In a world of employment gloom where graduate jobs are on the decline it seems to me the time is ripe to inject a bit of planned happenstance theory into our careers sessions.
Many successful people, when asked about their career, will talk about an element of luck. But being in the right pace at the right time usually involves taking action to get there. The person fortunate enough to be offered a job during work experience gets the opportunity not only because they had the initiative to get the experience in the first place but also because they made an impact once through the door.
Planned happenstance is a useful tool for advising in a difficult economic climate, when the R-word hold sway. First, because it encourages open-mindedness in career planning, rather than searching for a rigid career goal. Secondly, it promotes positive action regardless of whether this leads to an obvious outcome.
But how does this impact on our work?
A planned happenstance approach is not about providing the quick fix many students want but rather encouraging students to develop a sustainable set of behaviours and small actions that will enable them to put themselves in the right place at the right time.
Sometimes the problem with careers advice is that it is lacking in the specifics. The suggestion to get out and do some work experience, for example, is only going to be effective for the most able of students. We often need to do far more foundation building in a careers session to get the client in the right cognitive mode to (a) feel confident to create opportunities, (b) recognise less obvious opportunities, (c) seize opportunities and (d) make the most of an opportunity once it is secured.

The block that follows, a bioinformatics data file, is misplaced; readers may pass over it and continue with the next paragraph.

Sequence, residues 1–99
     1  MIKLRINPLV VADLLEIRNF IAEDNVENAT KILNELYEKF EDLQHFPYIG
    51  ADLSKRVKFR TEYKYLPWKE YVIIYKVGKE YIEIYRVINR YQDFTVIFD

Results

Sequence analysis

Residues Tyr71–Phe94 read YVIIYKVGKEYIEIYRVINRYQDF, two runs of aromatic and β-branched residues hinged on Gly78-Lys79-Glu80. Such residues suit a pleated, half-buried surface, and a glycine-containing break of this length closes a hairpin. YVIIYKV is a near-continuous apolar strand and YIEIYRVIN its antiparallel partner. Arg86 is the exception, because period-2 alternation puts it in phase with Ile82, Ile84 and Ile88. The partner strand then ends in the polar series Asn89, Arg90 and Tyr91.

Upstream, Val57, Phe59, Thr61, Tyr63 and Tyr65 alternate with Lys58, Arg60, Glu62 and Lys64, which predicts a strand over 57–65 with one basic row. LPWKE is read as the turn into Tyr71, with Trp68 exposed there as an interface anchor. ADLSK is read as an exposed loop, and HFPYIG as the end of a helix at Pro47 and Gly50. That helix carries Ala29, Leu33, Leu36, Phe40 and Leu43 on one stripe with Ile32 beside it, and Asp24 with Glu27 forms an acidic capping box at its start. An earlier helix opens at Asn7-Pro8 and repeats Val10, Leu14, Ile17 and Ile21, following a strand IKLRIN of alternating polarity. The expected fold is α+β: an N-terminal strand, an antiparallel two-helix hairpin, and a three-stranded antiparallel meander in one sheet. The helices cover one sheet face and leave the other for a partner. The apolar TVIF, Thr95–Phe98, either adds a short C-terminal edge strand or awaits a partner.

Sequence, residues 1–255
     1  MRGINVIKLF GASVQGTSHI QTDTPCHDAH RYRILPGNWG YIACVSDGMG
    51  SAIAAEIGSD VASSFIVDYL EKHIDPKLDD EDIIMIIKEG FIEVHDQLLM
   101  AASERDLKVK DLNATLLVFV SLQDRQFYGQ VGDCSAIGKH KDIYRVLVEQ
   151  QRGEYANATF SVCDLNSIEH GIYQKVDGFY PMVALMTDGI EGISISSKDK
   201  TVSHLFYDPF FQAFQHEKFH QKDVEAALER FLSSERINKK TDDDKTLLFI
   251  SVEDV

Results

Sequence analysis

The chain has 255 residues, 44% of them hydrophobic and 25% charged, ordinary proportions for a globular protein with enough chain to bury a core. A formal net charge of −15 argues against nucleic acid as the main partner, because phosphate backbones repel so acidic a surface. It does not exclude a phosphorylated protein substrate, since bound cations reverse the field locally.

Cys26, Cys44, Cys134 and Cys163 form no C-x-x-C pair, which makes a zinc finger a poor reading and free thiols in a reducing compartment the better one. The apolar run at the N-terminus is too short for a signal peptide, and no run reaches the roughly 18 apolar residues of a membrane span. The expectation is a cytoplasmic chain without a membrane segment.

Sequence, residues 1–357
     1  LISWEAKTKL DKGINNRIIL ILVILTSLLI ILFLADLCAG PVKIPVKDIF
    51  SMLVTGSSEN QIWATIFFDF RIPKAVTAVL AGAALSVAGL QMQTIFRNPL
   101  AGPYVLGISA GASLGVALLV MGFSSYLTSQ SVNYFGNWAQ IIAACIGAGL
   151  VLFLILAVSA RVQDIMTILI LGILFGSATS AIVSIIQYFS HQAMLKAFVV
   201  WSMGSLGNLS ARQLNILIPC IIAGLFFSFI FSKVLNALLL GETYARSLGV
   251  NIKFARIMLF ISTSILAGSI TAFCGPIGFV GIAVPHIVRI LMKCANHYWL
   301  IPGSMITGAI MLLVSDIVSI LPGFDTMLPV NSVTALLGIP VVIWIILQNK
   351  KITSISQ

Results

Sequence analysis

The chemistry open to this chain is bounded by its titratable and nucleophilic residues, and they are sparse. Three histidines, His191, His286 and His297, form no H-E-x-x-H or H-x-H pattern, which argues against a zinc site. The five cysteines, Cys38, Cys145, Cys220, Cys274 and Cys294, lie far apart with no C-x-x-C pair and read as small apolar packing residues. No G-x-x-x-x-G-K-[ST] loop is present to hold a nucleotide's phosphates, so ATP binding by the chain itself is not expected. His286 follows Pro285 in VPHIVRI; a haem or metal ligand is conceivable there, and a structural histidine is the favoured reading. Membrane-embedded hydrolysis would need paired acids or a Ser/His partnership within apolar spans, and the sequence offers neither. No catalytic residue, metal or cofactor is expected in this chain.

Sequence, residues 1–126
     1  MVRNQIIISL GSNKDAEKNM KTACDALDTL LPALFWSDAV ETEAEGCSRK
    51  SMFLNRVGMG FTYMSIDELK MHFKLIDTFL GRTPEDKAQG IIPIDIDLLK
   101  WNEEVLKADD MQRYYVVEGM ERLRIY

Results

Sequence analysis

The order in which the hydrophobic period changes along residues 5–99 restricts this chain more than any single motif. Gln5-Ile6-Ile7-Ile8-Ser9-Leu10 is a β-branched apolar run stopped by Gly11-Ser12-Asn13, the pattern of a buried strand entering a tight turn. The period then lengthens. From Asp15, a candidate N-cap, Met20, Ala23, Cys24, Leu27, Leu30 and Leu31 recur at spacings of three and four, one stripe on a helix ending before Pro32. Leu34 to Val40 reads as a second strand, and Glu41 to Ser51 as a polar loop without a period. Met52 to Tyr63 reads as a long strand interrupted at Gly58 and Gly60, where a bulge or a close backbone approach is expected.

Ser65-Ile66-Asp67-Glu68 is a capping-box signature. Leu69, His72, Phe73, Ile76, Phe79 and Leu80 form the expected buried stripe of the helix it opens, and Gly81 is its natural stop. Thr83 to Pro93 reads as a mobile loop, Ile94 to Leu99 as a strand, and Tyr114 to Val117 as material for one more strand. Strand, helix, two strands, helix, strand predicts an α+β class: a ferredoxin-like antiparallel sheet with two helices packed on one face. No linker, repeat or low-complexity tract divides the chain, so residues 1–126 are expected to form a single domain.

There are five key qualities below associated with planned happenstance:
- Curiosity: to want to learn new things regardless of where they might lead
- Persistence: to keep trying, even when faced with rejection or silence
- Flexibility: to respond to change positively by adapting yourself or your aims
- Optimism: to believe that opportunities are within reach and that you can benefit from every experience
- Risk-taking: to ‘just do it’ in the face of an unclear result
Many of us will be trying to develop these qualities in our clients, even if we are not consciously thinking about planned happenstance. We might help someone to see the value in trying something new or set a small goal that plugs a skill or knowledge gap. This can be particularly useful for the client who is overwhelmed by the process of career choice. Using anecdotes or case studies can help people to see that persistence is often the precursor of career success. We could spend a session coaching a client to get them to the stage where they are confident to approach someone and effectively pitch for an opportunity. Optimism is infectious, so conveying this to our clients is important. Asking ‘if you did this what is the worst thing that could happen?’ could make a client realise that taking a risk may not be that bad.
Some questions might help reflect on the planned happenstance approach.
- Did the client or participants leave the session feeling energised?
- Did I see evidence that I had encouraged them to be comfortable with some flexibility in their career plans?
- Did they leave with a small goal that will expand their learning?
- Are they less focused on the big career plan and more focused on the first steps?
- Are they more confused than when they first came in — and is that a bad thing?
- Do I apply this philosophy to my own career?
- Hambly, L. & Neary-Booth, S. (2007) The role of chance in career choice: Planned Happenstance in action. NCGE News, 27, 13-14.
- Mitchell, K.E., Levin, A.S. & Krumboltz, J.D. (1999) Planned happenstance: Constructing unexpected career opportunities. Journal of Counseling & Development, 77, 115-124.
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